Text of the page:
Brando was capable of looking either suave and debonair, or weird and off-putting. Physically, he was somewhere in the middle of the spectrum, meaning a little makeup in the right spots could allow him to fill the role of Halleck with relative ease, if he was able to conjure more of his menace, and less of his fatherly benevolence.

Ossie Davis didn't break into movies until the mid-1980s, but he quickly became a recognizable face in Hollywood when he did. The character of Thufir Hawat is described as an elderly man weathered by both time, and experience, which Davis could have pulled off in 1965 with a bit of a makeup job.

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Hawat is largely an advisor and strategist for House Atreides, and as such, his physicality is less of a concern. He was originally played by actor Freddie Jones in the 1984 film version of Dune, and both he and Davis are capable of handling the same kind of advisor character, with relative ease.

There are a lot of facts about Baron Harkonnen that only fans of the book know, but his physicality is fairly well documented. He's described as a formerly tall and muscular fellow who became obese over time, meaning the actor who played him would have to appear heavy set. In the new Dune film, the character is played by Stellan Skarsgård, but a 1965 version of the film would need an actor of similar appearance.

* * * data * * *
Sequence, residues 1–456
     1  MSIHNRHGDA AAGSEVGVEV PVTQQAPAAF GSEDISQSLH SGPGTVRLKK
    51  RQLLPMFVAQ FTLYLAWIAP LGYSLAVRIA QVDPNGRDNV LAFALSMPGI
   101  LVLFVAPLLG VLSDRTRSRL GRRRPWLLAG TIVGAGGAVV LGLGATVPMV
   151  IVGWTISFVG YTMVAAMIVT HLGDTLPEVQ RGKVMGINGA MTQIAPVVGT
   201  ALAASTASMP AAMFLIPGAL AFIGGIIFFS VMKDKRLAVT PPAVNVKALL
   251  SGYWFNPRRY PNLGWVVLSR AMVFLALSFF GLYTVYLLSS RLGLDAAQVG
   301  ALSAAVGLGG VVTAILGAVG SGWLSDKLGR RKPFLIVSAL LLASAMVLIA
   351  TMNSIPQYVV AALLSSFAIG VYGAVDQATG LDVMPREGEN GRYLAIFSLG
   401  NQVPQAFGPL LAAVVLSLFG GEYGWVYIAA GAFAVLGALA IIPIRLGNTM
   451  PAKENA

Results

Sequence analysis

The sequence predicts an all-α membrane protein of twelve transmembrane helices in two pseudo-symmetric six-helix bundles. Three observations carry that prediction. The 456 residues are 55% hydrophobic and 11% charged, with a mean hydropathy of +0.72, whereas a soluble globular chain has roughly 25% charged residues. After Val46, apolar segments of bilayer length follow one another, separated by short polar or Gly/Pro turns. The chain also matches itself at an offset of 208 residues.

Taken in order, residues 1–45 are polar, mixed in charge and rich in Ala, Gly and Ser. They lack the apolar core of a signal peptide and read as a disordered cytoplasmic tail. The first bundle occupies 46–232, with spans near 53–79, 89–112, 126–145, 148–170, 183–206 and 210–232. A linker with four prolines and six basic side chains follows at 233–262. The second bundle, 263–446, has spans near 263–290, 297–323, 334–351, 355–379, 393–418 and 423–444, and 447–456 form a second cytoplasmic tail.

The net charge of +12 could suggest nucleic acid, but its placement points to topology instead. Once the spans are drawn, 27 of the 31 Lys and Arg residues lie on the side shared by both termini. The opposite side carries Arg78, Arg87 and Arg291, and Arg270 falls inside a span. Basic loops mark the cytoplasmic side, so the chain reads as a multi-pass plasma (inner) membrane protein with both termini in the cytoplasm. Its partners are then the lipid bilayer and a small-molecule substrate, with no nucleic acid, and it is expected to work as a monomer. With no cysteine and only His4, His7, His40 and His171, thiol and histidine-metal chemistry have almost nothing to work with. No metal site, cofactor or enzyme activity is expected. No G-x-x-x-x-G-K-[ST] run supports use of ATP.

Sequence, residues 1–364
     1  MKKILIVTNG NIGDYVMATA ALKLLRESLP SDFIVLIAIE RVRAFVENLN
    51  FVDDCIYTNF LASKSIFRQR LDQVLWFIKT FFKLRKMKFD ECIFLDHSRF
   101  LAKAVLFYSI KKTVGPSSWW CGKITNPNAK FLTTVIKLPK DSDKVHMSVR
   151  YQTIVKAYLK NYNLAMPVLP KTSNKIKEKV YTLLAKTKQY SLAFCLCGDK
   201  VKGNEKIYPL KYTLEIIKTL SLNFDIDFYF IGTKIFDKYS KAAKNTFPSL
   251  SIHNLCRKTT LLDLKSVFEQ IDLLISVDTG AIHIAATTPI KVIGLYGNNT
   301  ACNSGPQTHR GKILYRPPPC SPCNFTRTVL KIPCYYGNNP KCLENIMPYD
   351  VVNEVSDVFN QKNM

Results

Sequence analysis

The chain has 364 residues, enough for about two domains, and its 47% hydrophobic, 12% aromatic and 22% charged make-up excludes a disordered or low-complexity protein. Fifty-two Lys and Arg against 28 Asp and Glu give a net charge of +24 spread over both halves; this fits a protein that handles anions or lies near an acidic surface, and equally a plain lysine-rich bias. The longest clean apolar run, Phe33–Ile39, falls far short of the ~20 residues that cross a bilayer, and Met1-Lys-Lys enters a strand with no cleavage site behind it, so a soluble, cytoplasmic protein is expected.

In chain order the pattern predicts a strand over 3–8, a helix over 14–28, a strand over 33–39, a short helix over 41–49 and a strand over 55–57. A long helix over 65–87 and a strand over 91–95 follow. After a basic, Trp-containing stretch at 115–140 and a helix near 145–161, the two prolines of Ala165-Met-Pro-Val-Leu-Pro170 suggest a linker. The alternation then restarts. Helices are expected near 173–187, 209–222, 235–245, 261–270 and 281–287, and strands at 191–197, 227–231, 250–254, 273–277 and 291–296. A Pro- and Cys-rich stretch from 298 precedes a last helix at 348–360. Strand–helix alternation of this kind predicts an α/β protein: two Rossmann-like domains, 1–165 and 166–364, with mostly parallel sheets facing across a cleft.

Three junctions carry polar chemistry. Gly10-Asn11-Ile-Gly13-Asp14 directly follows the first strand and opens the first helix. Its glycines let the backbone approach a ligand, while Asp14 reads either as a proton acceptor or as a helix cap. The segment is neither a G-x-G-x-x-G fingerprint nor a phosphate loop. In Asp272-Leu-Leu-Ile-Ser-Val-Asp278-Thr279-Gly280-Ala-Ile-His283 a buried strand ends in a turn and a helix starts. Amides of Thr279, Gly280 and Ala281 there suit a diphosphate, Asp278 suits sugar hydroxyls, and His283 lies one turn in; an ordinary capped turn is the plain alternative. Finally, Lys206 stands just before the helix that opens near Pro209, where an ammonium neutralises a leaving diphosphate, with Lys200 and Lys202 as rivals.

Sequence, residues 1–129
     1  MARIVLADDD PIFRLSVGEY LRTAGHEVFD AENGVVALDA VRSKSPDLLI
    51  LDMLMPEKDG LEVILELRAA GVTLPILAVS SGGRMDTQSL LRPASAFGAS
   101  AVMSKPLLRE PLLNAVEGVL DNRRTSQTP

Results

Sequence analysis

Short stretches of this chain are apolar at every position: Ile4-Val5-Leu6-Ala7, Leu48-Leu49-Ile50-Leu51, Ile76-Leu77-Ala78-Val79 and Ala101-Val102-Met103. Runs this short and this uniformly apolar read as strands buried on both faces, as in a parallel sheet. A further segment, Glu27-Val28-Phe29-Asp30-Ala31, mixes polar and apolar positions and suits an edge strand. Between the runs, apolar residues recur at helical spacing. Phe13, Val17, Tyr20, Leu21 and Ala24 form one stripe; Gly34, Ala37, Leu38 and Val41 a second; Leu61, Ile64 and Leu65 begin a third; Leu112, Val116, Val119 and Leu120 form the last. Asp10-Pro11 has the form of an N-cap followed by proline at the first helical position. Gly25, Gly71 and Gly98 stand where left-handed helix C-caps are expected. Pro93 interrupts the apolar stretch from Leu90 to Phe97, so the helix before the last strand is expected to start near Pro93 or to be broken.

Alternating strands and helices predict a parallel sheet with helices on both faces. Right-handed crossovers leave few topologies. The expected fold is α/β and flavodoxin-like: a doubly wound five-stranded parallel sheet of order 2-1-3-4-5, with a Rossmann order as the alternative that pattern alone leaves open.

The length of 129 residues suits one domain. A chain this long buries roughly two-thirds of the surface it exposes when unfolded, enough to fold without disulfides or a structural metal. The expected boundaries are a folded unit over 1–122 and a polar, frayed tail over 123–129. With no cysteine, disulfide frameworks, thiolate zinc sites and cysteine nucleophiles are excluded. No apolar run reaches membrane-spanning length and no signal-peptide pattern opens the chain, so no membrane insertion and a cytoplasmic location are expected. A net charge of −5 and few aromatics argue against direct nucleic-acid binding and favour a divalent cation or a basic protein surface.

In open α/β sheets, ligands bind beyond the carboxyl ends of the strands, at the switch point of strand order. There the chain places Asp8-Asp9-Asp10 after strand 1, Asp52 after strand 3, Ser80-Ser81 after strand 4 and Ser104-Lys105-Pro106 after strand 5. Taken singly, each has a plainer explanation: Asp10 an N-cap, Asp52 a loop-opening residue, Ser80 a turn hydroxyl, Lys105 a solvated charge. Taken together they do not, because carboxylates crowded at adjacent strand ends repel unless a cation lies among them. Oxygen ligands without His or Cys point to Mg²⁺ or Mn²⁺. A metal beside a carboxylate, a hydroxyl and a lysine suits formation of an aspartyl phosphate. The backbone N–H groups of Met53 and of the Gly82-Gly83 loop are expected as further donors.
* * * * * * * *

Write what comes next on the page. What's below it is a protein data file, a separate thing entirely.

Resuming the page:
It's hard to picture anyone except the legendary Orson Welles in the role. His larger-than-life presence, imposing physicality and deeply baritone voice would have made for a very intimidating Baron Harkonnen. His role in the 1967 classic Chimes at Midnight - which he also directed - gives some insight as to what kind of performance Dune fans could have expected.

Lee Van Cleef is best remembered for starring in a string of Sergio Leone westerns, notably the Clint Eastwood classic The Good, The Bad And The Ugly. Though he doesn't have the same physicality as Duncan Idaho actor Jason Momoa, he does have the same tough guy look, with an arguably tougher personality.

The actor had a definite edge when it came to physicality, often playing rigid and gritty character types. His bad boy attitude fits well with the character of Duncan Idaho, an extremely capable warrior, not to mention a dashing bad boy, to boot.